How long is too long

Discussion in 'Hi-Fi and General Audio' started by granville, Jun 25, 2010.

  1. granville

    granville

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    Going for a re design of my manger based speakers, to reduce cables have decided to mount amp modules and active crossovers within the cabinets. My question is;
    How long is to long for a rca cable ? I would need a run of 6M for right hand speaker.
    Is this a non problem or should I make up some cables incorporating mystical geometries with rare elements and specialist dielectrics ?
    Please don't start another violent thread war.
     
    granville, Jun 25, 2010
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  2. granville

    danworth81 english through n through

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    U should be fine with 6m shielded pair as long as its not from a passive pre
     
    danworth81, Jun 25, 2010
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  3. granville

    Fnuckle Trade

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    Unlike balanced connections, single-ended (RCA) connections are eventually prone to signal losses. The good news is these losses are really unlikely to make their presence felt until you get beyond 10m (unless you are going without active gain stages in a passive preamplifier). The bad news is you won't be able to find an off-the-shelf audio cable longer than 5m and you certainly won't find them at uneven lengths.

    If you are going to make your own cables for long runs, it's slightly better to use coaxial rather than 'microphone' cable. The shielding helps.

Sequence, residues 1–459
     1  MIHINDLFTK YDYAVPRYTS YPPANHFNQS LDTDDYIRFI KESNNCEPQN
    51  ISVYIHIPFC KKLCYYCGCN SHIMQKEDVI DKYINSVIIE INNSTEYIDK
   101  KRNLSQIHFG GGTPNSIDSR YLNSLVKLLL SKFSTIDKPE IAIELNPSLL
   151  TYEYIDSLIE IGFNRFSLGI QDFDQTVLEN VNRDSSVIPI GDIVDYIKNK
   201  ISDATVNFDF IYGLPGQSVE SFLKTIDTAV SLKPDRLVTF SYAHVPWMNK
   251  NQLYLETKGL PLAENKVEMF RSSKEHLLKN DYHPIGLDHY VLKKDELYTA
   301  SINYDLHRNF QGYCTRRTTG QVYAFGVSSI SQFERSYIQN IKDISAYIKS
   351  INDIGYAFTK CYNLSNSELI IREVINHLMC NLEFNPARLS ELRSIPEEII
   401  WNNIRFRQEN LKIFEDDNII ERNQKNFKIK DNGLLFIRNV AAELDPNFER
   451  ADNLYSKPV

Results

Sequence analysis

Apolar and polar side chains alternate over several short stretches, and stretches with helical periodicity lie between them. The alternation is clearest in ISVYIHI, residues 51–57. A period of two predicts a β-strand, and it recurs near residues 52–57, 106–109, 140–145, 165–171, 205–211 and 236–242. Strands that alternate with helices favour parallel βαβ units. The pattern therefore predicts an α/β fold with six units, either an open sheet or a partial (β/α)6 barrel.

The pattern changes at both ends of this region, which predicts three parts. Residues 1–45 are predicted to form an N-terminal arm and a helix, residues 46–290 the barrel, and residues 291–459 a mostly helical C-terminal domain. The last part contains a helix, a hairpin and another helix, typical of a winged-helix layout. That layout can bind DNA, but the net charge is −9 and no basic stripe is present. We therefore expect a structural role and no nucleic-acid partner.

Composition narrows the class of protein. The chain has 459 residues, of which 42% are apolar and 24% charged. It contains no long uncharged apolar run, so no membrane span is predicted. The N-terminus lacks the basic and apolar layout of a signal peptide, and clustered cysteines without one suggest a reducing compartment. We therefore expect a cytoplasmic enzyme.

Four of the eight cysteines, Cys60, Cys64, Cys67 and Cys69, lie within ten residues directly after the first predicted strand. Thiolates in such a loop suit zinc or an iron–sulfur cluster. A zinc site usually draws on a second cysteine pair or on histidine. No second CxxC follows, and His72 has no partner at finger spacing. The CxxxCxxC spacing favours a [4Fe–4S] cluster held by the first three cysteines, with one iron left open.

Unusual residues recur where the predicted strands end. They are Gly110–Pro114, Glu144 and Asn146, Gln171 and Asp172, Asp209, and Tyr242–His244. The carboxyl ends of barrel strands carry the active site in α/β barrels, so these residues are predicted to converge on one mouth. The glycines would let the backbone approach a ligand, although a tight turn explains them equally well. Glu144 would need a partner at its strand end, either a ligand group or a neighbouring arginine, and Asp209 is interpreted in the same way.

Fnuckle, Jun 25, 2010
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  4. granville

    bottleneck talks a load of rubbish

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    doesnt make a lot of sense to me, personally.

    Crossovers inside speakers are bad enough, an amplifier even worse.

    If you're going for a DIY speaker, can't see any reason at all to put the crossover or the amplifiers inside a vibrating box..
     
    bottleneck, Jun 25, 2010
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  5. granville

    RobHolt Moderator

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    The answer depends on what you are using to drive the cable and the load.

    I'd avoid long interconnects if driving from a passive attenuator or most active valve pre amps.

    Most active pre amps will be fine with long cables but it makes sense in all instances - active and passive - to keep capacitance to the absolute minimum.

    Personally I'd always go with short interconnects and long speaker cables.
    I'd say that ultimately the best way is a passive pre, short low cap cables and a very benign power amp load. This needs to be designed very much as a system with all aspects carefully considered.
    I'm convinced that the bad press some give to passives is due to improper load matching.
     
    RobHolt, Jun 25, 2010
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  6. granville

    felix part-time Horta

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    This is incorrect. Both suffer at the same rate w.r.t length.

    In fact there is no benefit to 'balanced' signals unless you are in an exceptionally 'noisy' environment and the 'balancing is done exceptionally well. That's because what makes 'balanced' desirable is not the idea of equal, 'balanced' +/- signal strength; nor an inherent symmetry to notional 0v. It's all in the way the fed item reacts to seeing the same impedances at the + and - inputs.

    Sadly that means the way hifi press supposes balanced lines to bring benefits and the way they actually work are often two entirely different things - even companies like Bryston with their 'balanced everything' approach have got this quite wrong at times too! HTH.
     
    felix, Jun 25, 2010
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